Anne Berest’s The Postcard is among the most acclaimed and beloved French novels of recent years. Luminous and gripping to the very last page, it is an enthralling investigation into family secrets, a poignant tale of mothers and daughters, and a vivid portrait of twentieth-century Parisian intellectual and artistic life.
January, 2003. Together with the usual holiday cards, an anonymous postcard is delivered to the Berest family home. On the front, a photo of the Opéra Garnier in Paris. On the back, the names of Anne Berest’s maternal great-grandparents, Ephraïm and Emma, and their children, Noémie and Jacques—all killed at Auschwitz.
Fifteen years after the postcard is delivered, Anne, the heroine of this novel, is moved to discover who sent it and why. Aided by her chain-smoking mother, family members, friends, associates, a private detective, a graphologist, and many others, she embarks on a journey to discover the fate of the Rabinovitch family: their flight from Russia following the revolution, their journey to Latvia, Palestine, and Paris. What emerges is a moving saga of a family devastated by the Holocaust and partly restored through the power of storytelling that shatters long-held certainties about Anne’s family, her country, and herself.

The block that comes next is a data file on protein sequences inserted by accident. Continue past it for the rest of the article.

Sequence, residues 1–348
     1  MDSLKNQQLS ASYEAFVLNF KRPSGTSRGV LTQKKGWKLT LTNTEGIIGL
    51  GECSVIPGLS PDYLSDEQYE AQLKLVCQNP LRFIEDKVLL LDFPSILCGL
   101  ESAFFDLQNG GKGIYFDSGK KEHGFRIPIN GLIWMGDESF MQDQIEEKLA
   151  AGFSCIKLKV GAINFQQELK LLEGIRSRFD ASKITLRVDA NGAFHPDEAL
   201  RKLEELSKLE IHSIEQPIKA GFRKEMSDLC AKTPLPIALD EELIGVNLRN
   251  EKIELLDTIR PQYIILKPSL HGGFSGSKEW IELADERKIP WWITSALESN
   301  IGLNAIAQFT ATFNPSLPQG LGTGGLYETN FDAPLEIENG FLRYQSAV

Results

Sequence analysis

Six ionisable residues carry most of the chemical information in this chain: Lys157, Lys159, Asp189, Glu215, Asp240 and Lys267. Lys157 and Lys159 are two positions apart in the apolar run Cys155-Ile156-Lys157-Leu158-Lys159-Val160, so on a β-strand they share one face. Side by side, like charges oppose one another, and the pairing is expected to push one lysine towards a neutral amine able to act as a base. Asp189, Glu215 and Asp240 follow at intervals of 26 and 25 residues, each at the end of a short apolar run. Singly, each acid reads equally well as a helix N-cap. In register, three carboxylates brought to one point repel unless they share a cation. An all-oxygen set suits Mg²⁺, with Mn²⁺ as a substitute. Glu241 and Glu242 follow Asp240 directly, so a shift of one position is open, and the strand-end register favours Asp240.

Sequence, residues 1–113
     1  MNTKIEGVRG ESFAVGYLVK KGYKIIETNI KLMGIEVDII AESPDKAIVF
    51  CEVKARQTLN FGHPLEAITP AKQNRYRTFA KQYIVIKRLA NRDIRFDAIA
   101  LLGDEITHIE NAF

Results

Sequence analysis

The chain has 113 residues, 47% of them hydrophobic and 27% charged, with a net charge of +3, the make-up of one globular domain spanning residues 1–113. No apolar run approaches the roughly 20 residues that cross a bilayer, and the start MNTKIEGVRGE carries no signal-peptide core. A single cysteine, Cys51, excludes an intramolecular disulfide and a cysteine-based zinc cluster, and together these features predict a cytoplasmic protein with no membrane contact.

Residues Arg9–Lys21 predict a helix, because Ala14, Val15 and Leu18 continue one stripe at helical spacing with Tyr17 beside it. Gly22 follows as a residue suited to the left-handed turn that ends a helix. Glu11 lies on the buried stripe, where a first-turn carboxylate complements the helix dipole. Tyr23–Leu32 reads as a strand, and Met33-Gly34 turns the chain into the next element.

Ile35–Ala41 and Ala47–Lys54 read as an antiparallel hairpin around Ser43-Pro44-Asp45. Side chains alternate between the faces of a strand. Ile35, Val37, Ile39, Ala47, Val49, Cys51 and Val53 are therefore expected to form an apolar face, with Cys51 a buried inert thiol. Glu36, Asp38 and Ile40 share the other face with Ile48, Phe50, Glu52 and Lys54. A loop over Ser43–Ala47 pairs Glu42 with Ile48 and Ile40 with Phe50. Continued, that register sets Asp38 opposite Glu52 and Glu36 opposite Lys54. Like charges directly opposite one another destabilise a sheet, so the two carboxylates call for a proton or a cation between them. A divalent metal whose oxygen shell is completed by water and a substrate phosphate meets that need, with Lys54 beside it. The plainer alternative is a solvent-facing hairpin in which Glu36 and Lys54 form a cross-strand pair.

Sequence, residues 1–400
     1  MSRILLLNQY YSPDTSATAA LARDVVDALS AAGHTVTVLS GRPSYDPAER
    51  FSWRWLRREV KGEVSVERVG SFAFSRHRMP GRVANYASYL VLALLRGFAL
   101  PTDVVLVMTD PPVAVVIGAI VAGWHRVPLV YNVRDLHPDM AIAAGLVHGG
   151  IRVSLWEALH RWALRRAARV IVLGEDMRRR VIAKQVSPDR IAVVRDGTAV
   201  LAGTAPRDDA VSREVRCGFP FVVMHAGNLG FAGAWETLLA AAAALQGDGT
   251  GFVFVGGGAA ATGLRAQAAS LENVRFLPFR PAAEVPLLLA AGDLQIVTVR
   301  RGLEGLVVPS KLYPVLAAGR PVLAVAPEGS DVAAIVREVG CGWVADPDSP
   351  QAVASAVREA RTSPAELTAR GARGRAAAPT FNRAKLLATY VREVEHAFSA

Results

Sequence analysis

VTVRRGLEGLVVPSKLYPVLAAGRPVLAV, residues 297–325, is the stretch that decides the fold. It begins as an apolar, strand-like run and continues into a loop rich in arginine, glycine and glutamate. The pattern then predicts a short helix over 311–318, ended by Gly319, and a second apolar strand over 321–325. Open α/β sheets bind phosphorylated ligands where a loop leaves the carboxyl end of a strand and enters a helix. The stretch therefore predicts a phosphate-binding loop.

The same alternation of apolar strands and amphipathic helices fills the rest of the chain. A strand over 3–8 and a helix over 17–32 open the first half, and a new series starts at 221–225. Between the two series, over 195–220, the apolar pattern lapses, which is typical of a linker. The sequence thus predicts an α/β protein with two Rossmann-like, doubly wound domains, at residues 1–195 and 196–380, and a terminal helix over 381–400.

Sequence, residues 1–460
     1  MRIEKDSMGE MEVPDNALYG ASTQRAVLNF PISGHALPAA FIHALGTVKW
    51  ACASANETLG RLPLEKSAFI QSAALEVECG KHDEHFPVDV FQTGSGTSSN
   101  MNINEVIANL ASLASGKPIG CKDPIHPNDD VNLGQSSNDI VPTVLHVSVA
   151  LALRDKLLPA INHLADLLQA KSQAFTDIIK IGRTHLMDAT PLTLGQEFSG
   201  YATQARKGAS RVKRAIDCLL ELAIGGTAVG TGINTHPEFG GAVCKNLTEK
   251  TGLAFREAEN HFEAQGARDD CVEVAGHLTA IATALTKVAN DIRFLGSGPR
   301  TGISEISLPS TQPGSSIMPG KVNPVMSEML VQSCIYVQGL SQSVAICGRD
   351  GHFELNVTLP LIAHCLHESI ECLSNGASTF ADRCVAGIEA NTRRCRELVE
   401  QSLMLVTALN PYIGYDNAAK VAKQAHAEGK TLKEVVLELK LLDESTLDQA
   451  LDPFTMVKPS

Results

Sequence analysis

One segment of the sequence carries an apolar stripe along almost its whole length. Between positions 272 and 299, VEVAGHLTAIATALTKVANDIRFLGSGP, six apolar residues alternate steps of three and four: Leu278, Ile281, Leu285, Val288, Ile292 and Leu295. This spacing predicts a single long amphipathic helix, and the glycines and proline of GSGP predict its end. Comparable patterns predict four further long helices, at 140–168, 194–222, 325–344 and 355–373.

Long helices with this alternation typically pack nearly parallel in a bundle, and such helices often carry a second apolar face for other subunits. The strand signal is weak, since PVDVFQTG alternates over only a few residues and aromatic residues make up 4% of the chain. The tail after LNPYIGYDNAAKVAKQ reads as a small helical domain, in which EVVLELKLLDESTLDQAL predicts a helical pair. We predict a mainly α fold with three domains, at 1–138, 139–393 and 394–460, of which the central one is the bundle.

“Full of suspense and emotion, The Postcard is a quest for origins that plunges us into the darkest hours of European history. A deeply moving book.”—Leïla Slimani, author of The Perfect Nanny
Anne Berest is the bestselling co-author of How to Be Parisian Wherever You Are (Doubleday, 2014) and the author of a novel based on the life of French writer Françoise Sagan. With her sister Claire, she is also the author of Gabriële, a critically acclaimed biography of her great-grandmother, Gabriële Buffet-Picabia, Marcel Duchamp’s lover and muse. She is the great-granddaughter of the painter Francis Picabia. For her work as a writer and prize-winning showrunner, she has been profiled in publications such as French Vogue and Haaretz newspaper. The recipient of numerous literary awards, The Postcard was a finalist for the Goncourt Prize and has been a long-selling bestseller in France.